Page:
Science & Technology - Posted by Paul Mannion-Sheffield on Thursday, July 12, 2012 11:27 - 0 Comments
Urban noise makes birds bad parents
U. SHEFFIELD (UK) — Noise and industrial racket may make house sparrow parents less attentive, likely because they are unable to hear the hunger cries of their chicks.
Experts link the noise with lower chick survival, and the problem is thought to be so severe it might impact on the populations of house sparrows in the UK’s town and cities.
Straight from the Source
Other studies showed numbers of breeding sparrows in the UK were found to have declined by between 60 percent and even 99 percent. The mechanism revealed by this study by researchers from the University of Sheffield is likely one important cause for this decline.
“It can have implications for all bird species that experience urban noise. Our study shows the first evidence for noise affecting breeding success in birds by interrupting communication between parents and offspring in a wild population,” says Julia Schroeder, of the department of animal and plant sciences.
“We have found a potential cause for the decline of sparrows in cities. The failed communication between parents and offspring could contribute to the dwindling numbers of sparrows in cities.”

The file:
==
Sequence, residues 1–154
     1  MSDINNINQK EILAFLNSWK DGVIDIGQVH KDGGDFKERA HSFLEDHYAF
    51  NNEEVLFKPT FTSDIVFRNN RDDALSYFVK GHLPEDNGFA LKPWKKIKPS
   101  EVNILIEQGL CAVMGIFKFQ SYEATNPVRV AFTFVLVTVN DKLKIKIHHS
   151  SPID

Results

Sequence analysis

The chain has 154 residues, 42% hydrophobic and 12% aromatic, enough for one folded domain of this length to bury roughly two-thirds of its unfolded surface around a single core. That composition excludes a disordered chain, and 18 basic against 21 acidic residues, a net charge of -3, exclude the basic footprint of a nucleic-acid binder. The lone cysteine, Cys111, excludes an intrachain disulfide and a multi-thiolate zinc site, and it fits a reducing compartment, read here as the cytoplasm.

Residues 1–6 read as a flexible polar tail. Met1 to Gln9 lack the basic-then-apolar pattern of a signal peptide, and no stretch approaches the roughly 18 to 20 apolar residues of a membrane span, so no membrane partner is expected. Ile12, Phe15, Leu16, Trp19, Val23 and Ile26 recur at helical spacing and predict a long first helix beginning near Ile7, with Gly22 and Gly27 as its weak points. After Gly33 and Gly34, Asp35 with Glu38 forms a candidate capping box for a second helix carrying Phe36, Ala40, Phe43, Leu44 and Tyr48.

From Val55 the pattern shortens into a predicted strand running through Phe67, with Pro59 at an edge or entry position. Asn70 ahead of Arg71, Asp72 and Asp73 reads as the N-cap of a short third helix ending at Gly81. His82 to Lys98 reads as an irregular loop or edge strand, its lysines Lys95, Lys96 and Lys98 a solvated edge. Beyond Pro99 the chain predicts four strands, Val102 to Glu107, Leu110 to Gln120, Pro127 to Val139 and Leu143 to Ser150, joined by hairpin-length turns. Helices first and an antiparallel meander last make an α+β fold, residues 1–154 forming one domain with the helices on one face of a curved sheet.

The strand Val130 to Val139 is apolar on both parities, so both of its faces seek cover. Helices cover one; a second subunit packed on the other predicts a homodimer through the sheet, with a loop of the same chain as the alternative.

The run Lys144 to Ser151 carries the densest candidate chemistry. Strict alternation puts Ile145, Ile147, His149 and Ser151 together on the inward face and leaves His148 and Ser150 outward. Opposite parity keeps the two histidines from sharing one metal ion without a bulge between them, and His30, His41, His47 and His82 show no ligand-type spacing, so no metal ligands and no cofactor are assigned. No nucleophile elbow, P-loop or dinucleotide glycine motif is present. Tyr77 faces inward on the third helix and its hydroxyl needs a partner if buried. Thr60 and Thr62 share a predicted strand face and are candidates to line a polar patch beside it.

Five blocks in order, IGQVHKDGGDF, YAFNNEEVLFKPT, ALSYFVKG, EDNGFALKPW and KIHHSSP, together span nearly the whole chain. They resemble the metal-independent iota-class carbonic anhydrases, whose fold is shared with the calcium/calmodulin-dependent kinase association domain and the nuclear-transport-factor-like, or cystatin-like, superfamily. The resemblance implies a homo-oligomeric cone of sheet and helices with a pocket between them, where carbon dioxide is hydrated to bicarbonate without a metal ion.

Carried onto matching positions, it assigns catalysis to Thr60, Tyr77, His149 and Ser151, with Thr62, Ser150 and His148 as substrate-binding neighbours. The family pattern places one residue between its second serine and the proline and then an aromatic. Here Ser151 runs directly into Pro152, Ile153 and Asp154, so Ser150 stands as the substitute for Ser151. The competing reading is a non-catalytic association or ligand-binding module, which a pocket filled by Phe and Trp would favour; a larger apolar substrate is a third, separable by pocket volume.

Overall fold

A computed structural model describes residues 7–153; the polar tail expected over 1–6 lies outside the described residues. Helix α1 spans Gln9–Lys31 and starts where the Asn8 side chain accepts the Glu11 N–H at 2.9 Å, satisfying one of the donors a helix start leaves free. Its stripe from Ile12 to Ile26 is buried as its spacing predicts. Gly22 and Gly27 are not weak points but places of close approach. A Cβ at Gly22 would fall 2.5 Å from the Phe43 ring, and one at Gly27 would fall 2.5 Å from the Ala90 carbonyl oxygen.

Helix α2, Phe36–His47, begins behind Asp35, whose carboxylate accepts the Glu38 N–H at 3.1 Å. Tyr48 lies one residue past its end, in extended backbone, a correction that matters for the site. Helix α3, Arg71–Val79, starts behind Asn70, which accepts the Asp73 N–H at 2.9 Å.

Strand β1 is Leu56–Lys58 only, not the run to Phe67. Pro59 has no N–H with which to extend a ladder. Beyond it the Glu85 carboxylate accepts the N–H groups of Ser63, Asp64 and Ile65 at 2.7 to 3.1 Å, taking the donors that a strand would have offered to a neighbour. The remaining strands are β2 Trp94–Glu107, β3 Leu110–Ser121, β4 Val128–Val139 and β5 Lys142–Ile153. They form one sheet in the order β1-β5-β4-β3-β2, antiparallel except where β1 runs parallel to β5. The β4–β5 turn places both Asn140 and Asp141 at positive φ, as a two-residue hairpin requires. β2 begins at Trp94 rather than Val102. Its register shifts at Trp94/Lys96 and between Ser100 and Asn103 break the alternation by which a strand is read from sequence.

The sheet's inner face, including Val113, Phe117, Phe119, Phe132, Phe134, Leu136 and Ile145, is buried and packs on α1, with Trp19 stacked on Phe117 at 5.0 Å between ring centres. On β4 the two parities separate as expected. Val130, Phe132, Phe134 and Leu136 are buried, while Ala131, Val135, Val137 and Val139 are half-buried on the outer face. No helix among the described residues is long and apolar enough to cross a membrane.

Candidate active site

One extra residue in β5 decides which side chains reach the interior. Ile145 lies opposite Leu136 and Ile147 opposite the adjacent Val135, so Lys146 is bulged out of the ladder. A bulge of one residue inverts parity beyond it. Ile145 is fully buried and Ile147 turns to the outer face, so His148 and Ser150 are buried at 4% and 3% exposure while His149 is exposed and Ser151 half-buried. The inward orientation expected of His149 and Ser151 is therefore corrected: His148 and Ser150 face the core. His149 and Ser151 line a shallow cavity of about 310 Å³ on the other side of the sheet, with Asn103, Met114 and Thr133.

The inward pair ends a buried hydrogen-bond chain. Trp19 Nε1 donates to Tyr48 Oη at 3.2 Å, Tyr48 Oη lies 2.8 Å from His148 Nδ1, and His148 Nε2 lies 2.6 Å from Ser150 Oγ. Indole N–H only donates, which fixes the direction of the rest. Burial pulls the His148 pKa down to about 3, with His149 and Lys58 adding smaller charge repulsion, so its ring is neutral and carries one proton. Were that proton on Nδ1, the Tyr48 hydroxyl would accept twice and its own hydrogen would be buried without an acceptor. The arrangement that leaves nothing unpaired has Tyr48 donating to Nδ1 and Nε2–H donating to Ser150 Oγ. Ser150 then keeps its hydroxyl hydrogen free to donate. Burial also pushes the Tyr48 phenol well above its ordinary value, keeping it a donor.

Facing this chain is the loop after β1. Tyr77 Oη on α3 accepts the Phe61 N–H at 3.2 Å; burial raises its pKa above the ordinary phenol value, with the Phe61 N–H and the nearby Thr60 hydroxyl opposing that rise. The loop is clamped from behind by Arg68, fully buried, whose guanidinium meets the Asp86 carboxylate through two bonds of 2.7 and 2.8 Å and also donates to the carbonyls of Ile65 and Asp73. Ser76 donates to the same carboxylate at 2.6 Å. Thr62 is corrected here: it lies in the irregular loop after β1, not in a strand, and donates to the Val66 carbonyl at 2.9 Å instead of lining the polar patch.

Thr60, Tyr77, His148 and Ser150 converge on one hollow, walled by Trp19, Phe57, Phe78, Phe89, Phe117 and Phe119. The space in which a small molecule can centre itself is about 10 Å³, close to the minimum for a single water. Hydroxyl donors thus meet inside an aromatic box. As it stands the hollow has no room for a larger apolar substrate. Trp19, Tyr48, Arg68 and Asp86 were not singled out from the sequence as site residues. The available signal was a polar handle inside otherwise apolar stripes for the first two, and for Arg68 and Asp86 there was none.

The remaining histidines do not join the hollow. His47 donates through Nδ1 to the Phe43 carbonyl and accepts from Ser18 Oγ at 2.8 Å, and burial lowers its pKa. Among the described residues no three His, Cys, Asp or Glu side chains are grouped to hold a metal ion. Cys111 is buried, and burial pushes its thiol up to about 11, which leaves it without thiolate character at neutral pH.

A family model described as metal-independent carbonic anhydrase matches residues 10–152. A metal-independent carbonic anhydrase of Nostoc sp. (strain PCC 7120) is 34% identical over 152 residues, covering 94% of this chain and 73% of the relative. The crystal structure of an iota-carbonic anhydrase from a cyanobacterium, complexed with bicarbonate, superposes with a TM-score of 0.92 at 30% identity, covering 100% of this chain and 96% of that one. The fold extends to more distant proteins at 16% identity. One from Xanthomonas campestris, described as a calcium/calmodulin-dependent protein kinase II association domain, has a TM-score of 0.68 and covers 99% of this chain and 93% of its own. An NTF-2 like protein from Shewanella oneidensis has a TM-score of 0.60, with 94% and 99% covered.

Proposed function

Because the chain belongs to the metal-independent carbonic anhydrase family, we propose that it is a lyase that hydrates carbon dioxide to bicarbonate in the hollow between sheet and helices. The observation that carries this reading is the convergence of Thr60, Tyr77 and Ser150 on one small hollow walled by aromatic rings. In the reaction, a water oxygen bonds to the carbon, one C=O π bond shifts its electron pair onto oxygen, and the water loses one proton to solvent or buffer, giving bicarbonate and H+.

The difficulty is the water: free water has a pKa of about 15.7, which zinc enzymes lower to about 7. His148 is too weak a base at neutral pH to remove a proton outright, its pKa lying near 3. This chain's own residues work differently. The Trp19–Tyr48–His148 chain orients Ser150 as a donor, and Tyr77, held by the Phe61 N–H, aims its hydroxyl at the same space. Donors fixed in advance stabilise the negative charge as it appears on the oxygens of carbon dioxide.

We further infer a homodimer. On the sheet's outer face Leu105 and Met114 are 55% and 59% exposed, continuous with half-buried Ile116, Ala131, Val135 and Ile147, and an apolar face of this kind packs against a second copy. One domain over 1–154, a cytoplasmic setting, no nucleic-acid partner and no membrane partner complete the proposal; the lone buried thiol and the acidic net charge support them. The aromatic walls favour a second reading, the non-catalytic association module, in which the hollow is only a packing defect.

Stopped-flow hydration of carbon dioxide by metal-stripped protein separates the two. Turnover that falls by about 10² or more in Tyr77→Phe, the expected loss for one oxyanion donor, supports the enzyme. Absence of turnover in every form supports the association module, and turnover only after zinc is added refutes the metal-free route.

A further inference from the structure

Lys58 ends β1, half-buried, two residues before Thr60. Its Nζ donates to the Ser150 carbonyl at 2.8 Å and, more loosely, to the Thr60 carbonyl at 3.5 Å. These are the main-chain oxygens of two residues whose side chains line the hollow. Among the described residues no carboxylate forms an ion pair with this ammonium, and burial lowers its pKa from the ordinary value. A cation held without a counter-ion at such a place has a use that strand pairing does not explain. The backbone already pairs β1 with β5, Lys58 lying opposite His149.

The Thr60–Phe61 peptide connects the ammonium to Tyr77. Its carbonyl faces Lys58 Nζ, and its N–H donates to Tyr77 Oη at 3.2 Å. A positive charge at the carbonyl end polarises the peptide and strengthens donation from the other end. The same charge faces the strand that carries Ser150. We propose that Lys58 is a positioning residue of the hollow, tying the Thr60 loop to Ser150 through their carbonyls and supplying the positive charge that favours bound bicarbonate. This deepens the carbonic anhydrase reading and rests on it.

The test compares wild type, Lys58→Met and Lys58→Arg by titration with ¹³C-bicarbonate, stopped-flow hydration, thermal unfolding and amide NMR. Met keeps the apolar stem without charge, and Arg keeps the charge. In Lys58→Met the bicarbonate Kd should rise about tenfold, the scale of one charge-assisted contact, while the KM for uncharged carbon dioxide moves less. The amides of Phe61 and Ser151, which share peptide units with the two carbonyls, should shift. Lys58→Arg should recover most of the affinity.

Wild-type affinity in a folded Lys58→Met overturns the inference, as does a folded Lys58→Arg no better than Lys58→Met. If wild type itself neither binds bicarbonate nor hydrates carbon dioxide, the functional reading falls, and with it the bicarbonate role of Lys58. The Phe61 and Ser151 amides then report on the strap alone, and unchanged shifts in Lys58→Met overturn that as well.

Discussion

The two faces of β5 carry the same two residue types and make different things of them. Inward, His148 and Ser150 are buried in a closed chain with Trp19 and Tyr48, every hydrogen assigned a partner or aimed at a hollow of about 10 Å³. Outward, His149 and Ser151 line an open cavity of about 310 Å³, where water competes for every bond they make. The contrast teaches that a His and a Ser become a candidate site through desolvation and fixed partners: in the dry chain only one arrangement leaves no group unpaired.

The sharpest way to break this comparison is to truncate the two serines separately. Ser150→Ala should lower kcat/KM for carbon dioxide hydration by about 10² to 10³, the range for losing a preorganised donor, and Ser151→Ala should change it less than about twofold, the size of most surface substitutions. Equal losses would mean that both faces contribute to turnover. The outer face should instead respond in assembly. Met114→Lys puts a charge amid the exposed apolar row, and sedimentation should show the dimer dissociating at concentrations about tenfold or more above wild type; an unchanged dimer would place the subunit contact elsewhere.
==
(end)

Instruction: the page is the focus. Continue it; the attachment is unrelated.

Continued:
The experts studied house sparrows living on Lundy Island in the Bristol Channel, which the scientists describe as a natural laboratory. They report their findings in PLoS ONE.
“We are lucky to have a brilliant study population of house sparrows on Lundy Island. Because it’s an island, and because sparrows don’t like to fly away from it across the sea, we can precisely track the survival of each bird,” Schroeder adds.
“Lundy is not connected to the electrical power grid and they produce electricity on the island. The power generators make a lot of noise. In the barn next to where they are situated, we also have 27 sparrow nest boxes. We compared the sparrows breeding in there with those breeding in nest boxes in other, quiet barns and in a small woodland on Lundy.
“Chicks that were reared in the noisy barn were lighter when they fledged. Their mothers did not feed them as often as in quiet places and they survived less well. Chicks were fed less often in noisy environments than they were in quieter areas. When the noise was turned off the broods in the nosier areas were fed more often.
“We believe that the noise from the generators on Lundy is comparable to the one made by cars in cities, and therefore, that noise impairing parent-offspring communication could be a reason for why sparrows decline in cities.”
To combat the problems the house sparrows are facing, the scientists say nest boxes should be put up as far away from noise as possible but only an overall reduction of urban noise could see a boom in bird numbers.
More news from the University of Sheffield: www.shef.ac.uk/mediacentre/